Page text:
Cybersecurity New Year’s resolutions

Mark Luetkehoelter, Librarian

Almost half of American adults have had the experience of their personal information being exposed in some way by cyber criminals. An equal number of millennials have experienced being a victim of some type of cybercrime. Well over half of Americans have experienced receiving an online scam offer. One in three homes with computers experience being infected with malicious software. Over a half million social media accounts are hacked every day.
Those sobering statistics come courtesy of the United States government’s Cybersecurity & Infrastructure Security Agency (CISA), available at Thinking about cyber security issues, passwords, multi-factor authentication, browser clearing and the like might not be much fun, but even less fun is having your personal information or the information of your school or workplace compromised to detrimental or catastrophic effects.
Data Privacy Week takes place every January to try and get people to resolve to be better protected in the new year. This year’s week runs Jan. 24-28. Organized by the National Cybersecurity Alliance, they provide a lot of short, easy-to-understand tutorials and videos to get you more cybersecure confident at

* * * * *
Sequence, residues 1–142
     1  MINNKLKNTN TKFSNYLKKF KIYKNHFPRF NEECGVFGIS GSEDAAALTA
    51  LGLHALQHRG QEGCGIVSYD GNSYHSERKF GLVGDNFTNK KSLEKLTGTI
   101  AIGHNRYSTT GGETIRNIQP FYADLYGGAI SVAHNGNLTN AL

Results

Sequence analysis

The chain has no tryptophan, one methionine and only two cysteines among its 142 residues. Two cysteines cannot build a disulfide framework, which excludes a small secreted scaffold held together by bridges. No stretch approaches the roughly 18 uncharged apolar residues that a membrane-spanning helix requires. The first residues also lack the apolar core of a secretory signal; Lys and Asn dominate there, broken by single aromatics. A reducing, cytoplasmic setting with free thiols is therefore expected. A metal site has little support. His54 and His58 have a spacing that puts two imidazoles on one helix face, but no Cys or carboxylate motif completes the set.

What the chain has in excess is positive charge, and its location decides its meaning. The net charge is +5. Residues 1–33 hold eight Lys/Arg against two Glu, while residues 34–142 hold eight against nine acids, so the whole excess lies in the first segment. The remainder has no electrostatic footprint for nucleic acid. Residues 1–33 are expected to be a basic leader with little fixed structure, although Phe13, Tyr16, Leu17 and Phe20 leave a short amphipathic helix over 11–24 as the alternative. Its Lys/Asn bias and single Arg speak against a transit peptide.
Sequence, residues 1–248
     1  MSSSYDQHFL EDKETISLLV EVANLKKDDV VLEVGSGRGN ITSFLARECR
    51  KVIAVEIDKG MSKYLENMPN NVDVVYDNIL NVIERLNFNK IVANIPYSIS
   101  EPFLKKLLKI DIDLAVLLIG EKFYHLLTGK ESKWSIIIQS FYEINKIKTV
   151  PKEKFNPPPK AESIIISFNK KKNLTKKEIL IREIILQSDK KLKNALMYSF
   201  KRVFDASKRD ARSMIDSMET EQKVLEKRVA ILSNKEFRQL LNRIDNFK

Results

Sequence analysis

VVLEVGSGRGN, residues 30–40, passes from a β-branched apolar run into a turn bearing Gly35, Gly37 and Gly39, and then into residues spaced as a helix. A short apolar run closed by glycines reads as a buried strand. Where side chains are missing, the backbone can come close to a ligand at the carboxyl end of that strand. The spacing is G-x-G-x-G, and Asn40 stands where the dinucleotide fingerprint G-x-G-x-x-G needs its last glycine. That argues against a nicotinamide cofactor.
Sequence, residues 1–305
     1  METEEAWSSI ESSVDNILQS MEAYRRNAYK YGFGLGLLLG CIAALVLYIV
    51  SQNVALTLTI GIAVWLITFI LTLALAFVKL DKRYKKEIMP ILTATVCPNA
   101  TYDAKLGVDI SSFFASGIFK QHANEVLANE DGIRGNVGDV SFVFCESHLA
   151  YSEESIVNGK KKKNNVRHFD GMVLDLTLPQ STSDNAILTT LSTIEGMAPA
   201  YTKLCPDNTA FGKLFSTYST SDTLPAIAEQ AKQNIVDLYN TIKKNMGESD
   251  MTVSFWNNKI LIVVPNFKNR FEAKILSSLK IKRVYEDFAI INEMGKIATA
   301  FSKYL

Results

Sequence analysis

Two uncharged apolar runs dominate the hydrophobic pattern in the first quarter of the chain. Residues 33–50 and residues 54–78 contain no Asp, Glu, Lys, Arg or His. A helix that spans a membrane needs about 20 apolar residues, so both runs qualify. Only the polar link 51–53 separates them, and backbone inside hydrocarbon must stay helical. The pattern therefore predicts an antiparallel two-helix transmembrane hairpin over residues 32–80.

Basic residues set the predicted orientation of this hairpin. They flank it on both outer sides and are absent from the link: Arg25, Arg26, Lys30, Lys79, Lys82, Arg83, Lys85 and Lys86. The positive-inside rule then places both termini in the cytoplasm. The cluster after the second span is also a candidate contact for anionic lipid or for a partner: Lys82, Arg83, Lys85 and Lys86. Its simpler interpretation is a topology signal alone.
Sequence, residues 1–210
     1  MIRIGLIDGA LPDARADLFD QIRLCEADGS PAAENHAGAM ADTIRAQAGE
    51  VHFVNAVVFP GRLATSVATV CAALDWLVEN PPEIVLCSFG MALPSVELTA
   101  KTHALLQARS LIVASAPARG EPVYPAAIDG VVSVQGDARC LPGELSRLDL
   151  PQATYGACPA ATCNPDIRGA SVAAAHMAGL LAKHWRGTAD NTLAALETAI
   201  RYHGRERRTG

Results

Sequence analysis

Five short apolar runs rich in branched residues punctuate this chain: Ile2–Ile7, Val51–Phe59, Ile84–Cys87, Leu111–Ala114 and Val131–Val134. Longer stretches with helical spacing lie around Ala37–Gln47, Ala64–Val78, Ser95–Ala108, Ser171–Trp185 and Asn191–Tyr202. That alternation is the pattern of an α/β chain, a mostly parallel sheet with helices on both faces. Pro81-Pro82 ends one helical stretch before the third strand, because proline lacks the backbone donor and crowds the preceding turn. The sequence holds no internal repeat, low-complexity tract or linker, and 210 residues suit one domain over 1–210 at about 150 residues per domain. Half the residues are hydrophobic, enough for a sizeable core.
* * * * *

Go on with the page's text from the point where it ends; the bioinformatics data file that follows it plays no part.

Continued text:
The Madison College Libraries also has a great guide about online security and privacy at The guide provides practical links to and information about ways to protect your privacy a bit more online, both at school and in your personal life. Get help dealing with issues like viruses, passwords, phishing, file sharing, cloud computing, wireless networks and privacy.
The library’s subscription database Learning Express offers a short useful course entitled “Protecting yourself from malware and other online threats” and the subscription database Films on Demand also has many videos dealing with cyber security.
There are a couple of books you might want to check out from the Madison College Libraries that take the complexity of cybersecurity issues and explain them in a very accessible way. Sam Grubb’s “How cybersecurity really works: a hands-on guide for total beginners” provides readers with practical advice on how to keep their computers safe from phishing, malware, network attacks and other hacks (beware the Black Hats!). April Falcon Doss’s “Cyber privacy: who has your data and why you should care” shares the most common types of data collected about individuals and how it can sometimes be used against us by the private sector, governments and even an individual’s own school or workplace. Both books offer proactive suggestions to better arm yourself against cyber threats.
In addition to the materials the library offers, consider just stopping in and talking to a librarian about any cybersecurity questions you might have. You can also call the Student Computer Help Desk to ask those questions at 608-243-4444.
Whatever way you go about it, make better online privacy and security a New Year’s resolution!